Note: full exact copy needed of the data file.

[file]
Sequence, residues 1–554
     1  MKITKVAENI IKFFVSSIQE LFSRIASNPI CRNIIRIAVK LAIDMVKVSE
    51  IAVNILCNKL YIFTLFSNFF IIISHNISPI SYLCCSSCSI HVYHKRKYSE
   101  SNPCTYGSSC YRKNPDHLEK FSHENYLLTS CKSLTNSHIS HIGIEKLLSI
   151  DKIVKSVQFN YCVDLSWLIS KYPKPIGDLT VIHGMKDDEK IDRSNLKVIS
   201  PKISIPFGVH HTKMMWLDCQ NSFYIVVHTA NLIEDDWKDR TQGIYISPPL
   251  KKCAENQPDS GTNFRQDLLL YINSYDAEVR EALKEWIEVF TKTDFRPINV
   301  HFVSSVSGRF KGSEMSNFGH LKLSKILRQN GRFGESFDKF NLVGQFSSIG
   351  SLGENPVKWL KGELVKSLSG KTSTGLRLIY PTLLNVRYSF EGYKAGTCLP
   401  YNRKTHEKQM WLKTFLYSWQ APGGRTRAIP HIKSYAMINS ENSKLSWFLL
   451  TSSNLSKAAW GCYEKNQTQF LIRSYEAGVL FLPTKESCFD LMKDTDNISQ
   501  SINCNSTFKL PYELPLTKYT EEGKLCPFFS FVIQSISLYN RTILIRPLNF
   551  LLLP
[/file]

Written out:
Sequence, residues 1–554
     1  MKITKVAENI IKFFVSSIQE LFSRIASNPI CRNIIRIAVK LAIDMVKVSE
    51  IAVNILCNKL YIFTLFSNFF IIISHNISPI SYLCCSSCSI HVYHKRKYSE
   101  SNPCTYGSSC YRKNPDHLEK FSHENYLLTS CKSLTNSHIS HIGIEKLLSI
   151  DKIVKSVQFN YCVDLSWLIS KYPKPIGDLT VIHGMKDDEK IDRSNLKVIS
   201  PKISIPFGVH HTKMMWLDCQ NSFYIVVHTA NLIEDDWKDR TQGIYISPPL
   251  KKCAENQPDS GTNFRQDLLL YINSYDAEVR EALKEWIEVF TKTDFRPINV
   301  HFVSSVSGRF KGSEMSNFGH LKLSKILRQN GRFGESFDKF NLVGQFSSIG
   351  SLGENPVKWL KGELVKSLSG KTSTGLRLIY PTLLNVRYSF EGYKAGTCLP
   401  YNRKTHEKQM WLKTFLYSWQ APGGRTRAIP HIKSYAMINS ENSKLSWFLL
   451  TSSNLSKAAW GCYEKNQTQF LIRSYEAGVL FLPTKESCFD LMKDTDNISQ
   501  SINCNSTFKL PYELPLTKYT EEGKLCPFFS FVIQSISLYN RTILIRPLNF
   551  LLLP